Those trinitron Tube replacements cost more than a new set when you could still get a tube I don't think consumer trinitrons were ever available as rebuilt.
Trinitrons and Wegas will probably be popping up on craigslist for the next 20 yrs they must have made millions of those sets
by then you will want OLED anyway. I don't think any consumer CRT are being rebuilt anymore mostly just specialized medical/military/industrial
and aviation parts and most of those are being replaced by panels now anyway

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post #9 of 17 Old 09-03-2013, 08:29 AM
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More like the color phosphors degrade over time.

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post #10 of 17 Old 09-03-2013, 12:27 PM
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What I never really understood is that if the color phosphors degrade over time, why does a picture tube usually loose all raster, and not just in specific areas where the phosphors are degrading at different rates. They can't all degrade uniformly, can they?
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post #11 of 17 Old 09-04-2013, 07:35 AM
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Quote:
Originally Posted by KV32S15 View Post

What I never really understood is that if the color phosphors degrade over time, why does a picture tube usually loose all raster, and not just in specific areas where the phosphors are degrading at different rates. They can't all degrade uniformly, can they?

I'm certainly no expert on this subject matter but I'm thinking:

1) A problem in the circuitry and/or color gun may make it appear to be a phosphor problem.

2) The phosphors may very well degrade uniformly. Each particular color set is made of the same material and deposited uniformly at the same time using the same process, and during use are scanned continuously; but one color set will degrade at a different rate than another color set.
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post #12 of 17 Old 09-13-2013, 06:01 PM
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Quote:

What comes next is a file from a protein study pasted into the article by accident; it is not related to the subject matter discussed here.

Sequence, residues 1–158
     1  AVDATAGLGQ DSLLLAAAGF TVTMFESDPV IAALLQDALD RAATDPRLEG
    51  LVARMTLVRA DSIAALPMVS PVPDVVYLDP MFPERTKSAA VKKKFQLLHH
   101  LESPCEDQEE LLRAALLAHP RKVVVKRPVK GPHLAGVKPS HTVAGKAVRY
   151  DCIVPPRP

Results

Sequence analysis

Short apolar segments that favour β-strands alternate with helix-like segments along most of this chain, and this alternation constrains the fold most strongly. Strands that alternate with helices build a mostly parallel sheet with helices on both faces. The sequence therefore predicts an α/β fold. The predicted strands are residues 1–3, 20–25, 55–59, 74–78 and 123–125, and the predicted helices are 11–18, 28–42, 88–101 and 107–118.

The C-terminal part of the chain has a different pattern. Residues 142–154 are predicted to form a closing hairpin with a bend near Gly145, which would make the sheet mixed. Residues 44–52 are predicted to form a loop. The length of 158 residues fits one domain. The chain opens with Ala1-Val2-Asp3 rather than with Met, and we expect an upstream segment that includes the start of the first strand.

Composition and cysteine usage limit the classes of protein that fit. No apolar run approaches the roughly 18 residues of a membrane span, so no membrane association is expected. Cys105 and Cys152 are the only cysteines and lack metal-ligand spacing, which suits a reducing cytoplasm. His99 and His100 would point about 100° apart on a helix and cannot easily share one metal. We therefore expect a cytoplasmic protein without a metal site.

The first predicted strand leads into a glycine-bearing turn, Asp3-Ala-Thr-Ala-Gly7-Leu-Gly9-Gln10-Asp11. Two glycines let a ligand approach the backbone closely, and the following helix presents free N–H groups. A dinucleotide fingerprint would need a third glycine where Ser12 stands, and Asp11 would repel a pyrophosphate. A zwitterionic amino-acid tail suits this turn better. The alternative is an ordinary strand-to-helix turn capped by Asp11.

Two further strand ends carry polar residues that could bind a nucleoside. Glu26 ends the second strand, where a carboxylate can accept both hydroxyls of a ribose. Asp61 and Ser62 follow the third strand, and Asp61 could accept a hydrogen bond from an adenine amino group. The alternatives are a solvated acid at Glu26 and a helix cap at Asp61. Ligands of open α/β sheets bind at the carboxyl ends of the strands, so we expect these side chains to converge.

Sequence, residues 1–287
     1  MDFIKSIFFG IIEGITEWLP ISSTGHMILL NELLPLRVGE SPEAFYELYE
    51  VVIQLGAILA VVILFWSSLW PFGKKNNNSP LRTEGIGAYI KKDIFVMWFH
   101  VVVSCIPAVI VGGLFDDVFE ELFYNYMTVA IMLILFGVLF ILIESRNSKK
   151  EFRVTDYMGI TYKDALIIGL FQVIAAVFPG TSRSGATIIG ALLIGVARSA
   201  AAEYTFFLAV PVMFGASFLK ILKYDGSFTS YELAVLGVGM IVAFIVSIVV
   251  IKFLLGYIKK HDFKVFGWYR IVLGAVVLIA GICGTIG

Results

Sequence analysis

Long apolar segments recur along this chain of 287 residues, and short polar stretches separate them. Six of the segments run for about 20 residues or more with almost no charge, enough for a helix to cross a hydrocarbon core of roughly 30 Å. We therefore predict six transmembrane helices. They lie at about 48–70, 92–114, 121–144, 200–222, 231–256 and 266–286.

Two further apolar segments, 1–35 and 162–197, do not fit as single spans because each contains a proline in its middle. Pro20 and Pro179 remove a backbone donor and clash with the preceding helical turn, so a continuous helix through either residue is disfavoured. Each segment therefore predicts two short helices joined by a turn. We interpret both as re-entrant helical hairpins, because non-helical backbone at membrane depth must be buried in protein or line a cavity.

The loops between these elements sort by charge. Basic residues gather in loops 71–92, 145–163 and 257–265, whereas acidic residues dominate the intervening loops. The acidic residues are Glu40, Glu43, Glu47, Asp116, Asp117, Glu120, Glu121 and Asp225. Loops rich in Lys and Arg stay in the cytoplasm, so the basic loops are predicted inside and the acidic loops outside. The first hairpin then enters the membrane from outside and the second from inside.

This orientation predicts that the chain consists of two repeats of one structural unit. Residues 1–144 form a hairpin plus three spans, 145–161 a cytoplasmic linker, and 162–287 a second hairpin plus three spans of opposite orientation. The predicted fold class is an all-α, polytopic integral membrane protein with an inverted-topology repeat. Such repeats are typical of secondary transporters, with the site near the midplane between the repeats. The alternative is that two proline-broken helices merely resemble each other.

Originally Posted by KV32S15 View Post

Hey Spacediver, I tried watching that video and it is private? I'm very curious about what you mean by a limited amount of electrons in the cathode? Thanks!

unfortunately, randy fromm was recently upgraded to google plus and lost all his videos. I contacted him and he's working on getting them back online!

The cathode is the part of the electron gun that has a coating of a material, and when the cathode is heated, it releases electrons. But these electrons aren't recycled.
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post #13 of 17 Old 09-13-2013, 06:54 PM
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your question is answered here:

http://www.thegleam.com/ke5fx/crt/sencrt.pdf

in particular:
Quote:
Originally Posted by Randy Fromm 
CUTOFF RELATED FAILURES

In order to understand the cutoff test, let's take a closer look at the way the cathode works. The cathode is the source of the electron beam. It is coated with a material (such as barium or thorium) which gives off large numbers of electrons when it is heated by a filament. Believe it or not. there is a finite amount of this electron emitting material and it gets used up or "stripped" after years of extended use. Once the barium is used up, the picture tube cannot be completely restored.
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post #14 of 17 Old 09-13-2013, 08:49 PM
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Thanks Floydage and Spacediver for the reply. Makes much more sense now. smile.gif
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post #15 of 17 Old 09-14-2013, 08:58 AM
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You're welcome. I wonder what the life span is of that cathode material? I'd never heard of that problem before but I'm no TV expert. I guess the generically-known problems seem to be circuitry and phosphor coating.

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post #16 of 17 Old 01-11-2014, 02:23 PM
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My Sony Trinitron 27" TV I bought from Lowes Hardware store in 1994 and it is still in mint condition - except for the speaker system which works OK and all but I think it sounds bad to me now because of my awesome sound system on my PC. I think this TV will last forever but if not forever at least another 10 years.:cool: 

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post #17 of 17 Old 01-11-2014, 07:28 PM
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I had a 27" Trinitron for 17 yrs it was still working fine when I gave it away another Wega FD Trinitron made 11 yrs until a power surge took it out.
Pretty reliable sets all in all at least for me.

I have a Sammie Plasma and Toshina and LG LED/LCD's now all 2012-2013 models so time will tell on those.
I'm going to get another LED/LCD set next month maybe Sony,Toshiba, or Samsung. IMO they seem to have better pictures than most of the other brands
My Toshiba is much better than my LG IMO.